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Is Jordan economy ready to cope with more interest rate hikes?

Aug 07,2017 - Last updated at Aug 07,2017

The Central Bank of Jordan (CBJ) has recently followed the US Federal Reserve (Fed) and raised the interest rate four times since December 2016 by 1.25 per cent.  The CBJ's policy for setting interest rate right now is to follow any raise actions taken by the Fed. But the CBJ should consider recent forecasts of policymakers in the US that the Fed is projecting one more quarter-point rate increase in 2017 and a further three in 2018. Thus, can Jordanian economy cope with more interest rate hikes? What are the short- and long-term effects of such raises if taken on Jordan economy?

For example, while the recent third consecutive rate hike by the Fed that took place in July 2017 has pushed the US base rate just to1.25 per cent in an attempt to control the inflation target, similar hikes implemented by the CBJ has sent the interest rate in Jordan from 2.5 per cent to 3.75 per cent aiming to ensure  the Jordanian dinar is competitive and attractive for domestic savings.

The CBJ clearly indicates that the main objective of interest rate hikes is to maintain the Jordanian dinar as an attractive tool for domestic savings. Thus, someone would expect the level of domestic savings to increase as a result. However, statistics provided by the CBJ show that the level of domestic savings in Jordanian dinar has dramatically declined over the last two years from JD25,968.2 million in December 2016 (the date of first interest rate hike by CBJ) to JD25,192.1 million in February 2017 (the date of second interest rate hike), then declined further in March 2017 to reach JD25,060.2 million (the date of third interest rate hike), its lowest level since April 2015.  

On other side, and in contrast with the expectations, the level of domestic savings in foreign currencies has witnessed a gradual increase by almost 16 per cent over the last three years to reach its highest level in May 2017 of JD7,219.4 million, as compared to JD6,247.9 million in December 2014. Unless assuming that CBJ’s recent interest rate hikes would really take time before work their way into the real economy, sceptics would say the above statistics suggest the CBJ‘s interest rate hike policy did not achieve what was expected, but goes on the opposite direction by increasing domestic saving in foreign currencies rather than in Jordanian dinar.

Other direct impact for increasing interest rate is increasing the cost of borrowing and mortgage interest payments, which overall lead to slowdown the economy. For instance, the demand on service and products in the markets will fall down since people will spend more on their mortgage interest payments and have less disposal income to spend on other area of consumption. Recent reports supported this view and pointed out that commercial banks in Jordan responded to the recent interest rate hikes by the CBJ and raised their interest rate on the current mortgage interest payments, without having their customers approval since this is legal according to the rules. 

In terms of the cost of borrowing, any increase will directly increase the cost of manufacturing products and providing services since any raise in the cost of capital (borrowed money) would result to a similar raise in the total cost and a reduction in the profit margin. This is in turn will make Jordan a less attractive investment destination. Unfortunately, during the last three years the Foreign Direct Investment (FDI) in Jordan has sharply declined by 40 per cent from JD1546.7 million in 2014 to just JD1092.6 9 million in 2016. So it is not all about the investment regulatory environment as recently pointed out, it seems major reasons for FDI reduction are due to the high operating costs in Jordan; which is partly attributed to high interest rate.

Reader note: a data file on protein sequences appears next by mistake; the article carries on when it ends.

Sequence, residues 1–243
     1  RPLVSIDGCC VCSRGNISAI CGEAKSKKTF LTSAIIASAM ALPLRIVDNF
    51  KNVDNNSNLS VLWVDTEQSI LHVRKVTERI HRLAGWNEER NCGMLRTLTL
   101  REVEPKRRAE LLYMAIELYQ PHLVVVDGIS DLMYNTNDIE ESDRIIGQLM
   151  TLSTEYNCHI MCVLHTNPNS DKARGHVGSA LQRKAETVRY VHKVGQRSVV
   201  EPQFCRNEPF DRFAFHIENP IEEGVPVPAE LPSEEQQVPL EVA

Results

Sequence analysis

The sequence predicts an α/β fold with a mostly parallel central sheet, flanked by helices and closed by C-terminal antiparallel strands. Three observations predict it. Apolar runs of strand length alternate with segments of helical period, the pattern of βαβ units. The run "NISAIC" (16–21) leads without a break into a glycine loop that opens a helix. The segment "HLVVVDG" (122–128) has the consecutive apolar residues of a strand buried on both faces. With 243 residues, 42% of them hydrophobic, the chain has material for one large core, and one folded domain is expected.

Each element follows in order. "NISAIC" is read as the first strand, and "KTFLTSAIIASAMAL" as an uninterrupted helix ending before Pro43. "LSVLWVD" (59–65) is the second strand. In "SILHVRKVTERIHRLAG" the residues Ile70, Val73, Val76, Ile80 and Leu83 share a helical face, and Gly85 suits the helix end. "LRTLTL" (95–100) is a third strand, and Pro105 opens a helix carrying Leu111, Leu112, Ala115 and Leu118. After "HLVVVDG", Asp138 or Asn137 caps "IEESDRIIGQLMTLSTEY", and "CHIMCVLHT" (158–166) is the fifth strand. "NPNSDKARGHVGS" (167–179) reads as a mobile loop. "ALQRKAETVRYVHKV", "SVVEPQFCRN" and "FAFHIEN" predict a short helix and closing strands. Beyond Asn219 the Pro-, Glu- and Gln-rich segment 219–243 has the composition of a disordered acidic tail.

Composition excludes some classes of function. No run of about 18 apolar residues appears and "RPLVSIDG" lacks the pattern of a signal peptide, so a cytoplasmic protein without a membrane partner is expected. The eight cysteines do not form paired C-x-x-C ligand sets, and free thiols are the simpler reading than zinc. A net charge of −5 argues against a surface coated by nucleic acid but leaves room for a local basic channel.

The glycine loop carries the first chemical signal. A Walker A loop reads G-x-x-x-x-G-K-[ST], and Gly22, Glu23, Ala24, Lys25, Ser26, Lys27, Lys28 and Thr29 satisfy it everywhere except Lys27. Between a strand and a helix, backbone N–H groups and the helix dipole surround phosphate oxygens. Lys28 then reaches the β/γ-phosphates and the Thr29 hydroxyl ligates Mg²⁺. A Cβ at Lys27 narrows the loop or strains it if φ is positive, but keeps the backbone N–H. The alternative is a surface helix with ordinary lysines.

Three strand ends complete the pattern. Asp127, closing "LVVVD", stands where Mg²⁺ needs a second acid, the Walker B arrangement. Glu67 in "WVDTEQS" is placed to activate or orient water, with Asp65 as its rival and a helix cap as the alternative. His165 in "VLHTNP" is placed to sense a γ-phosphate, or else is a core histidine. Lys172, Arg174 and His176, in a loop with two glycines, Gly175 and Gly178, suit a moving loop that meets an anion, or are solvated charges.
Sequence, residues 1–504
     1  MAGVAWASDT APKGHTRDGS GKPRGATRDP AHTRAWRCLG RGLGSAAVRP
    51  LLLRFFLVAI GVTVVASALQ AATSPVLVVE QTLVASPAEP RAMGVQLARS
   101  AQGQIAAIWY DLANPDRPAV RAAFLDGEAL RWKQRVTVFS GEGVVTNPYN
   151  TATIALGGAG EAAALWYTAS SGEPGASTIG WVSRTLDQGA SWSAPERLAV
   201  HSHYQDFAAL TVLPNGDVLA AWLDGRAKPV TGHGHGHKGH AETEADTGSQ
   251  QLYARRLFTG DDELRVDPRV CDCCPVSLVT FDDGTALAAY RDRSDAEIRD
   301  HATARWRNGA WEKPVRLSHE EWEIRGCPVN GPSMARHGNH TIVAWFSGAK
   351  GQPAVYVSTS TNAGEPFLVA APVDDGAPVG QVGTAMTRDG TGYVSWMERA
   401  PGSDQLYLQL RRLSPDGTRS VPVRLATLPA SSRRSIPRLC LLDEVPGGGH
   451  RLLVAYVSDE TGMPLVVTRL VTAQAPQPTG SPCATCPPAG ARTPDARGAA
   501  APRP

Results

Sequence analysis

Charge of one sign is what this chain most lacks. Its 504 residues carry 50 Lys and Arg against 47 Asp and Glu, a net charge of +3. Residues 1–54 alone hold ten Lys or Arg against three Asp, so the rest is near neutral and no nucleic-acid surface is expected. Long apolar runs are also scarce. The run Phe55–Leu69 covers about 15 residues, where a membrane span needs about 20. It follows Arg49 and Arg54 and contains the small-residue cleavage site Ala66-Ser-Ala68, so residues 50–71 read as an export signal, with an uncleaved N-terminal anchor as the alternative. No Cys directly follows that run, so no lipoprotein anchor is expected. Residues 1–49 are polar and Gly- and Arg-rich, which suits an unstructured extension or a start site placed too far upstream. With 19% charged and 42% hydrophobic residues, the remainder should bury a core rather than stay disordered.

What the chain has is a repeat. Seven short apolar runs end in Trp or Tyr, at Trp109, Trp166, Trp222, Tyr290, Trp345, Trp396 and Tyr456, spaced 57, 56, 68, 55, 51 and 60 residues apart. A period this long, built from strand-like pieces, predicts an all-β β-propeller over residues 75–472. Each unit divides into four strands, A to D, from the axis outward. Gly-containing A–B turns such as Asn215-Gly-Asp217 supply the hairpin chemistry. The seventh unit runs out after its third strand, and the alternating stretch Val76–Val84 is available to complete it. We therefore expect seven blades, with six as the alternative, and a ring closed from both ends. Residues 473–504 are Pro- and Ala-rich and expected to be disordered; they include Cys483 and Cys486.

Theoretically, it is expected that a higher interest rate would make it attractive for investors to save in Jordanian dinar since the return on deposits is high (pushing up the value of Jordan dinar), but this would make imports more attractive and reduce the costly exports. The CBJ statistics show for May 2017 that Jordan imports are JD1,248.4 million, three times higher than its exports (JD388.1 million). Do we really need to increase the trade deficits (the gap between imports and exports)?  

The trade deficit has a negative direct impact on the level of foreign currencies reserves; which actually causes a big concern for the CBJ since there is a little room to move.  Foreign currency reserves have significantly dropped by 20 per cent in the last three years to reach JD8,067.8 million in April 2017 as compared to JD9,683.3 million in April 2015. 

Overall, raising the interest rate would lead for sure to strong Jordanian dinar but at the expense of many other side effects.  Based on the above statistics, Jordan's economy incurs very high costs for raising the interest rate, in addition to many other political, economical and social factors beyond its control. Given that the Fed is planning for further four interest rate hikes in the coming 18 months, the CBJ should therefore compares costs/benefits of any future interest rate hikes to ensure Jordanian economy is strong enough to override the side effects.

 

 

The writer is assistant professor in financial accounting at Al al-Bayt University, a visiting research fellow with the Institute of Banking and Investment, University of Leeds, UK. He contributed this article to The Jordan Times.

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